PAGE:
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It's more than Islamism

Reader comment on item: A Million Moderate Muslims on the March

Submitted by Pat (United States), May 8, 2007 at 16:33

It's easy for so-called moderate Muslims to voice approval of one Muslim candidate over another. Given a choice, have moderate Muslims ever elected a non-Muslim candidate in any election in which the Muslims were in the majority?

What is moderate about those in Pakistan and Turkey? Is it merely that they are moderate compared to the alternative or that they truly believe in human rights for all? Would the moderates sanction the building of new synagogues and cathedrals in either Turkey or Pakistan? Would they be willing to defend them? Actions speak louder than words. It's easy to be moderate when yours is the only viewpoint that matters.

Muslims appear unwilling even to accept other Islamic sects. The Shiites persecute the Sunnis and vice versa. Both consider themselves true Muslims. Both, if asked, would call themselves moderate.

Supporting one Muslim party over another is one thing. Being willing to live with non-Muslims without insisting that the larger community conform its behavior to sharia law is another. Where are those moderate Muslims? They're not driving cabs in Minneapolis and they're not living in Britain.

The people may be moderate, but what about the imams? Given Islam's dual role as a religion and a system of government, the religious leaders need to be taken into account. Will the people rebel against the messages of hate being preached in the mosque?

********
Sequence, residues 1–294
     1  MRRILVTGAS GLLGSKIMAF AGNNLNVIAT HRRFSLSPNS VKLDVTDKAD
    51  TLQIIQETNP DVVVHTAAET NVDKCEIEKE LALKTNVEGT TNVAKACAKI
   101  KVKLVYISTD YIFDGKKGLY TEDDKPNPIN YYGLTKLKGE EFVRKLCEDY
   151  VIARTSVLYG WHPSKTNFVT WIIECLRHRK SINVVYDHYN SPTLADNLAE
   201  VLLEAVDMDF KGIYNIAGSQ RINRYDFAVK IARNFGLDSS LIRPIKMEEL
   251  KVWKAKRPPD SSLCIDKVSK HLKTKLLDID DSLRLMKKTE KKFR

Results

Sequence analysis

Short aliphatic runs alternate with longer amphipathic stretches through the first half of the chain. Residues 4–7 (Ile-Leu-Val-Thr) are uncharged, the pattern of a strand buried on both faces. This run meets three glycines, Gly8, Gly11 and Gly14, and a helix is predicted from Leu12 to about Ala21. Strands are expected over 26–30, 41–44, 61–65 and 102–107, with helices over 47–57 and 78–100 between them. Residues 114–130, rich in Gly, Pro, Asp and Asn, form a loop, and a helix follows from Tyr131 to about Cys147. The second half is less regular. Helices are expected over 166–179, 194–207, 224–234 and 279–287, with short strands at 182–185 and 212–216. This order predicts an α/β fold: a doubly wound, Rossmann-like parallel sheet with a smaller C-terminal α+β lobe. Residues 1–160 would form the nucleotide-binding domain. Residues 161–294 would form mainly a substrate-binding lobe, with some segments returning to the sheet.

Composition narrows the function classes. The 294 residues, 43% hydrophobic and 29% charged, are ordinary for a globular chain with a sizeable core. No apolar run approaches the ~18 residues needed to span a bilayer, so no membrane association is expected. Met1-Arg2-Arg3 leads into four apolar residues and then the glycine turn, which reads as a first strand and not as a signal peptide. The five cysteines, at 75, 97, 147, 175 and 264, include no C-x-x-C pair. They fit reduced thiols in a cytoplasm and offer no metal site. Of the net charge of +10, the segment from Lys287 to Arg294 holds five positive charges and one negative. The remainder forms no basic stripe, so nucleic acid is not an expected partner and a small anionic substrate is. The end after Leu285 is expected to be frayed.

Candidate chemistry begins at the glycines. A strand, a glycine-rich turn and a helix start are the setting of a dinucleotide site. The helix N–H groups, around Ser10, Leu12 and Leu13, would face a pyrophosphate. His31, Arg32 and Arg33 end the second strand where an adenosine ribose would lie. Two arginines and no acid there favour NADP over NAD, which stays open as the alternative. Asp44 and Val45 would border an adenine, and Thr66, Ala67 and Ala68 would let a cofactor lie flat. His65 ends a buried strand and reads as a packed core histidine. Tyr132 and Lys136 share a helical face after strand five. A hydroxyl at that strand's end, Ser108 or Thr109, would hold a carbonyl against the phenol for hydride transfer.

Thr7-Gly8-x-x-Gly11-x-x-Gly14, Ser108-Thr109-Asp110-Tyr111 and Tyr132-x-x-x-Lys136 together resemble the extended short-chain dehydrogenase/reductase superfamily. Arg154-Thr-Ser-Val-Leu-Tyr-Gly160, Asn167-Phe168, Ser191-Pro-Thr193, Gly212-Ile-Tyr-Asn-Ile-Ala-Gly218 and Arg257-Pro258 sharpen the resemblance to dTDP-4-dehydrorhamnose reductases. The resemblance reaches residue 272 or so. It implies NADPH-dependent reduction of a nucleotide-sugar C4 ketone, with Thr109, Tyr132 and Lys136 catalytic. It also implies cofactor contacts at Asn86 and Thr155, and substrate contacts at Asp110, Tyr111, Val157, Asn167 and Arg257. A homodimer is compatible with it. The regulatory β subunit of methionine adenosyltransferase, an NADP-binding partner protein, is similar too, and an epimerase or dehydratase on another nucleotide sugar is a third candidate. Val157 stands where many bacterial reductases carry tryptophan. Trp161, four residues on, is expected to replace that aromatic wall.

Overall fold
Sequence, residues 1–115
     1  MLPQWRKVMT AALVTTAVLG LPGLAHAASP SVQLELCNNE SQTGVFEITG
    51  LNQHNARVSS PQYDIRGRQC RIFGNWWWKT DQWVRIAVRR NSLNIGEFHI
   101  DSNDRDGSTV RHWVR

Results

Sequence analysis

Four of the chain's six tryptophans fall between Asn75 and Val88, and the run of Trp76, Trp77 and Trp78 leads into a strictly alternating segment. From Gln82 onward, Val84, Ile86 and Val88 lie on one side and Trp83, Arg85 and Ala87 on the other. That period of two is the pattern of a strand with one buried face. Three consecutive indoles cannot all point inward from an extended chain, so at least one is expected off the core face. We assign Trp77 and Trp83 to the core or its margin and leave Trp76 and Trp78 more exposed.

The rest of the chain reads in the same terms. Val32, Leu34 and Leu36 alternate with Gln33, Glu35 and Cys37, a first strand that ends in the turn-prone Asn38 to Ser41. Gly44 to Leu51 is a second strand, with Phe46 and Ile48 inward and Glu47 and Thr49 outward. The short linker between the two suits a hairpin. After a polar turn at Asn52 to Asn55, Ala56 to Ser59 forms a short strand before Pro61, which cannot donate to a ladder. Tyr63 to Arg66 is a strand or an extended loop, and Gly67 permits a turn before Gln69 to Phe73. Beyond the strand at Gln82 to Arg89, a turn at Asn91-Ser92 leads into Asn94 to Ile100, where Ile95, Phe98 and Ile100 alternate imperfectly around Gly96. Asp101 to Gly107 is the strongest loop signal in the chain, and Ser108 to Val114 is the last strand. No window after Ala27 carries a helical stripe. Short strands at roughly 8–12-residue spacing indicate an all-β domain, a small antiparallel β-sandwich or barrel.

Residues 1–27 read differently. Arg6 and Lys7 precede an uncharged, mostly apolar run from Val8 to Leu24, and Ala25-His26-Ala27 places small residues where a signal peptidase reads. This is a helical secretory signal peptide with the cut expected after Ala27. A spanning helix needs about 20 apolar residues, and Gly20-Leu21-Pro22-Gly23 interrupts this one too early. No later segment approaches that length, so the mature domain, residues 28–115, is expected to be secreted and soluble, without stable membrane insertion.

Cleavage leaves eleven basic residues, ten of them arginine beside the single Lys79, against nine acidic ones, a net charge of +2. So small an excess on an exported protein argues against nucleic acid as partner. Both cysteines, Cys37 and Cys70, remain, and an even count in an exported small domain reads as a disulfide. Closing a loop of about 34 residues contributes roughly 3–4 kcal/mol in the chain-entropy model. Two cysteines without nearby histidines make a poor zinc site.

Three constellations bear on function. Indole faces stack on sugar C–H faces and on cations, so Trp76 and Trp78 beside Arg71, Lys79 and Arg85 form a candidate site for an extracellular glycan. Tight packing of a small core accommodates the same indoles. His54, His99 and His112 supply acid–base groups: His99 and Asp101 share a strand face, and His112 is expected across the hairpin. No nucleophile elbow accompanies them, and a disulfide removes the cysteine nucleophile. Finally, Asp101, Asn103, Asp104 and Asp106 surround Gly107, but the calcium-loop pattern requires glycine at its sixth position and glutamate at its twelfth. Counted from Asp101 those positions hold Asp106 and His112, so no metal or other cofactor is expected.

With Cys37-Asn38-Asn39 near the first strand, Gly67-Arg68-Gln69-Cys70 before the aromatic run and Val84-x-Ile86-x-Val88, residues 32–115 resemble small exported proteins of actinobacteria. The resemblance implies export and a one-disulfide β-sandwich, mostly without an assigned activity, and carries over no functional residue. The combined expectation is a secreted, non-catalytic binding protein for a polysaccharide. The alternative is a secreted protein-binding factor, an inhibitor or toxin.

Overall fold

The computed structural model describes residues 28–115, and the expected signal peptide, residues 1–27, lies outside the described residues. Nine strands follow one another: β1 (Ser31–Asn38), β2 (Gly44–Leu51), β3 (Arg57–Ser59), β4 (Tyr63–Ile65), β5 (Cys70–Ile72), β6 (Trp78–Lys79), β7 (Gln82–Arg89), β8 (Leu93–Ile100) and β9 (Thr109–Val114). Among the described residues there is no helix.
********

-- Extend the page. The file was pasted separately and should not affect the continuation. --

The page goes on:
Will moderates loudly and publicly condemn al-Qaeda and all other groups who kill in the name of Islam? They didn't after 9/11 and they haven't in the years since, when people all over the world have been killed for the cause of militant Islam. The silence from the "moderate" Muslim community has been deafening. Only when their own rights are threatened have they found any voice. The question remains: now that they have come under the threat of militant Islam will they respect the right of non-Muslims to reject Islam and still live in peace? That's what many of us are still waiting to hear. The silence doesn't bode well.

It's more than Islamism. It's Islam.

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Note: Opinions expressed in comments are those of the authors alone and not necessarily those of Daniel Pipes. Original writing only, please. Comments are screened and in some cases edited before posting. Reasoned disagreement is welcome but not comments that are scurrilous, off-topic, commercial, disparaging religions, or otherwise inappropriate. For complete regulations, see the "Guidelines for Reader Comments".

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